Total output figures of the major contributors to Zimbabwe’s mining sector revenue are definitely going to be lower by year-end (31 December 2019) than they were in 2018. That includes gold, platinum, chrome, diamond, coal, and nickel. These minerals also happen to be the key anchors of the US$12 billion Mining Target by 2023.
By Lyman Mlambo
For gold, this is very unfortunate given that the general international price trend for gold for the past 5 years has been upwards. But then, it has been shown by empirical studies that the international price trend is not a significant explanatory variable for gold production in Zimbabwe; implying that there are other more preponderant factors that overshadow the international price effect. However, in terms of relative contribution to the economy gold has maintained its key role. By November it had contributed 43% of mineral exports, employed 30% of total formal mining labour, apart from the more than half a million artisanal and small-scale gold miners spread throughout the country.
Platinum prices have also remained generally subdued for the year as they have been for the past few years now. Output by year-end will be lower than last year’s 14.7 tons. This is despite the fact that the three primary producers continued to operate at full capacity. The price of palladium is excellent, as it is hovering around US$1,700 per ounce, even exceeding that for the booming gold sector and around double that for platinum. However, palladium is not yet counted among significant products because it is jointly produced with platinum and has generally been viewed as a by-product, rather than a co-product of the latter. This is despite a high level of production for last year at 12.1 tons. By any measure (output or revenue) it is probably time that the PGM sector stops being referred to as the platinum sector. The production levels for other PGMs which include rhodium, ruthenium, and iridium has remained insignificant in 2019. One of the key challenges, among others, in the sector, is the outstanding formal clarity of the sector’s exemption from meeting the requirements of the Indigenization and Economic Act, which exemption has only been pronounced verbally and in other documents, with the Act itself not yet repealed.
Chrome output during the year has been lower than for 2018 mainly on the back of a 10% decline in capacity utilization in the sector from 80% in 2018, low ferrochrome prices and dilapidated transport infrastructure for movement of all chrome products (chrome ore, lumpy ore, and High Carbon Ferrochrome). The local pricing of raw chrome by the Minerals Marketing Corporation of Zimbabwe has also remained a sticking point in the development of the sector and agreement on this issue should be reached to enhance production in the sector. Artisanal and small-scale chrome miners have also not enjoyed as much support from institutions like RBZ as has their counterpart in the gold sector who have been supported technically and financially by the Fidelity Printers and Refineries (a subsidiary of the RBZ).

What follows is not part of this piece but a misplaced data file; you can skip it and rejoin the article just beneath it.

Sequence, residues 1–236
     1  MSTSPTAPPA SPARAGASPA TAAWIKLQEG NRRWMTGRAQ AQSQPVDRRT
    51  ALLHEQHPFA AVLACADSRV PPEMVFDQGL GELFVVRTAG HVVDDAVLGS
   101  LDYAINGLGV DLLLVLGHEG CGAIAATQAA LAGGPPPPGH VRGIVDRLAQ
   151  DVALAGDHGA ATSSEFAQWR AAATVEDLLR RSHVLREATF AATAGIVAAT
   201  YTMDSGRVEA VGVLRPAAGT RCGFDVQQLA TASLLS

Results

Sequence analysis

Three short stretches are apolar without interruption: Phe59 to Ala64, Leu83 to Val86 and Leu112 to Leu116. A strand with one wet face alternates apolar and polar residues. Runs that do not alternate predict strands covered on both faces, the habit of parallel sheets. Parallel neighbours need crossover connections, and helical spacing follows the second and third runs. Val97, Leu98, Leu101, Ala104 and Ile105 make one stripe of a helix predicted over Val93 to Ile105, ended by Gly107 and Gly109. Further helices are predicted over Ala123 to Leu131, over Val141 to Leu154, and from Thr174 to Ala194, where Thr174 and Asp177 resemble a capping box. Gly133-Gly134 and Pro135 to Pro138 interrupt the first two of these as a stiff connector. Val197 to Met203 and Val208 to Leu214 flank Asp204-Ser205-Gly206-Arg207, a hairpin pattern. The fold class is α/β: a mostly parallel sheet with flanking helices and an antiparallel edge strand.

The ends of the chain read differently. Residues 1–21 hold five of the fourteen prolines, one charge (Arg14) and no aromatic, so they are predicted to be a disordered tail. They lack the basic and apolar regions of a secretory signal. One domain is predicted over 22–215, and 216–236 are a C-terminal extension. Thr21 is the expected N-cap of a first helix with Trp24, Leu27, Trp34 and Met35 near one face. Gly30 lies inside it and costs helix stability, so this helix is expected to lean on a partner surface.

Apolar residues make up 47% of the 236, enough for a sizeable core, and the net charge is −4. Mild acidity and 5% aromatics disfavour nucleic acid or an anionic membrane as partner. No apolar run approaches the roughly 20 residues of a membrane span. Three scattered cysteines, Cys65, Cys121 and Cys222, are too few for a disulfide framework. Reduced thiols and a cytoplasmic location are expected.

While there are four registered diamond companies in the country including Zimbabwe Consolidated Diamond Company, Murowa Diamonds, Anjin and Alrosa, only the first two were active in 2019, with the latter two still to commence production operations. Diamond production by year-end will be lower than last year’s 3.3 million carats, as it is projected to be 2.1 million carats (a 36% decline). This is on the back of a decline in capacity utilization from 90% to 74% in 2019 as well as the persistent high royalty rate of 15 %, which remained the highest for all the minerals and in the Southern African Region. It is commendable that the Minister of Finance and Economic Development announced a downward revision of the rate to 10% in the recent Budget Statement.
Like the four major minerals alluded to above, the rest of the minerals have recorded generally lower performance compared to 2018, including coal and nickel sectors. The average capacity utilization in the coal and nickel sectors has gone down by 32% and 30% respectively. Specific factors explaining the lower levels of capacity utilization include the low prices offered by the Zimbabwe Power Company for coal and antiquated equipment which is common to both sectors.
Generally the mining industry as a whole (including the six mentioned above and several other base metals, industrial minerals and dimension stones) faced several challenges during 2019. Major among these include: regular and prolonged power outages, inadequate foreign exchange retentions, high costs of production due to domestic inflation (which is fuelled by depreciation of the local currency) and high import costs, lower prices (for most of the minerals), low access to and high costs of finance (both operating and investment), a sub-optimal fiscal regime, lack of policy consistency and predictability and perceptions of political instability due to serious national political polarization. We need to address these issues to realize a better performance in 2020 and to achieve our US$12 billion Mining Industry Target by 2023.
Lyman Mlambo is the Chairman of the Institute of Mining Research at the University of Zimbabwe he writes in his personal capacity.